Love me, love my “primitives.”
I had to give a presentation to a non-profit group recently, on contemporary gender theory and feminism. I pulled a pair of nylons out of my drawer, realized they had foot smudges on them, and carefully pulled them on so that the foot smudges were on the bottom of my feet again.
This scene is reminiscent of a lot of what’s called “chick lit”: a woman doing femininity, but doing it badly. While Jennifer Crusie writes for the same purposes as a lot of chick lit — for a long time she was shelved in the fiction section at my local Borders, same as The Devil Wears Prada — her heroines are absolute failures at femininity. They wear bizarre outfits, don’t want to have children, pack on extra pounds, leave their successful career to try to be an artist, and take in stray dogs. They’re usually a little miserable.
What appeals about the heroine who does femininity badly is that she’s still part of normal society, but I can relate to her. Crusie’s heroines are different. If they could just be a little different — a little more typically feminine or a little more tough-skinned — they could really make it. As it is, though, they’re just barely getting by.
I am a unremitting sucker for this narrative, as those of you who’ve met me might imagine. My daily life is less about smudgy stockings and more about making dirty jokes at staff meetings. (Goats are hilarious, and yet no one laughs at my goats-in-thongs jokes. What gives?)
When I heard that Bantam Books was issuing a reprint of Cinderella Deal, one of Crusie’s books from 1996, I got all sorts of excited. I hunted down a copy at a chain bookstore–
(Side note: I’m so sick of chain bookstores and the way that they organize romance novels. How do kinky threesome trade paperback novels get put in the romance section, while mass market paperbacks by a handful of romance novelists get shelved in the fiction section? Also, why would you have a display of “recent paperbacks of interest” that consists entirely of romance novels set in a corner of the fiction section, and put no copies of the books in the romance section? A THOUSAND INTERROBANGS at whoever thought that was a good idea.)
— and read it on the way home. Delayed gratification, shmelayed shmatification, that’s what I always say.
Here’s the text from the Amazon page:
Daisy Flattery is a free spirit with a soft spot for strays and a weakness for a good story. Why else would she agree to the outrageous charade offered by her buttoned-down workaholic neighbor, Linc Blaise? The history professor needs to have a fiancée in order to capture his dream job, and Daisy is game to play the role. But something funny happens on their way to the altar that changes everything. Now, with the midnight hour approaching, will Daisy lose her prince, or will opposites not only attract but live happily ever after?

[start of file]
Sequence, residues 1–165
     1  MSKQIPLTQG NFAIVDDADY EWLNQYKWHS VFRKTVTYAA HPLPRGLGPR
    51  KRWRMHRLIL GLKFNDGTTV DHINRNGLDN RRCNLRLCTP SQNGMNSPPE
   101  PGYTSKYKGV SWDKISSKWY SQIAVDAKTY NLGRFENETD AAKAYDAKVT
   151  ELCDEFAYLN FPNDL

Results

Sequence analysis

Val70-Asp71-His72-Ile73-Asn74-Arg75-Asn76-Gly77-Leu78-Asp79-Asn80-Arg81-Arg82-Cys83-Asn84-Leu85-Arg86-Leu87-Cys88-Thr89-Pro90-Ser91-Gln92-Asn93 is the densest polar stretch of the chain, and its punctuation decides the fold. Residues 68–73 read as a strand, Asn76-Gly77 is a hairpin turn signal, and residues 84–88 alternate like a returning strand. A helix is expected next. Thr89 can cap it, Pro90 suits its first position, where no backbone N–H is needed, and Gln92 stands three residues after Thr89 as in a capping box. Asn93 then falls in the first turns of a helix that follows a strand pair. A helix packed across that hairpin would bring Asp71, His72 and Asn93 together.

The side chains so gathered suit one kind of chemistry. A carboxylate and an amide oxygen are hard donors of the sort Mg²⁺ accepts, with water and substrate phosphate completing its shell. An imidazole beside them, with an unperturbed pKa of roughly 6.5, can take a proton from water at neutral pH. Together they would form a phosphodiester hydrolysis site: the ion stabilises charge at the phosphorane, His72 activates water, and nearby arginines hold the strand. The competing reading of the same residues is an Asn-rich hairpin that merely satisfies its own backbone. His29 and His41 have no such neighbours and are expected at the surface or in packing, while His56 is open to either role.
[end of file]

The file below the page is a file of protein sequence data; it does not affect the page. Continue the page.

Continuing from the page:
The book basically follows that script. Daisy’s in a tight spot; her paintings aren’t selling well, and she’s behind on her rent. Even worse, she keeps adopting cats. When she goes along with Linc’s scheme — which is intended to land him a perfect prep faculty position, one which will allow him the time to complete his novel — it turns out to offer her the perfect life. She poses first as his fiancee, and then, when he lands the job, she even marries him. Linc buys her dream house, that he lets her decorate in her own quirky way; she befriends his students and creates a safe haven for them; someone even starts buying her artwork. Without a loving partnership between them, though, Daisy feels like something is missing.
This book might feel familiar to those of you who read Strange Bedpersons first. Crusie essentially reworked this book to create that novel. In Strange Bedpersons, the woman is an artistic liberal-minded lady, the guy is a Republican stickler for normalcy, and they’ve dated before, making their romantic connection a mite more believable. Of the two, I think I would recommend Strange Bedpersons first. Both books, however, read like Crusie was writing for a formula that didn’t quite fit. Don’t get me wrong — they’re both readable, and features Crusie’s classic banter (think 1930s screwball comedy, a la His Girl Friday or The Thin Man). Still, I find “wacky girl gets a strait-laced guy” less appealing than “wacky girl learns to be openly wacky.” I suspect this has something to do with my own level of wackiness, so your mileage may vary.
The only thing that really left me looking askance at the book was Daisy’s professed interest in painting “primitives.” This is, according to the way Daisy refers to it, a genre of painting. When I did a little research on it, I realized there was a booming business in “primitive” decor, and that there are really whole sub-genres in the genre of primitivism [Wiki]. The paintings that Daisy did were described in the book as large broad swathes of color. Appealing, no? And yet the word “primitives” has been used in a stereotyping and oppressive way. I’ve always avoided using it, myself. Every time Daisy said she wanted to paint primitives, or that she painted primitives, I was a little less sympathetic with her for five or six pages. Feminism has struck again, it seems.
Is anyone out there an art history buff, who can explain the use of the term for the genre? I only gave the Wiki entry a skim; I’m going to research more and try to figure this out. But a cheat sheet would be handy, indeed.
Check out other reviews:
Candy does a lightning review of Crusie’s work at Smart Bitches, Trashy Books.
A review of Cinderella Deal at All About Romance, including a letter from Crusie to the reviewer.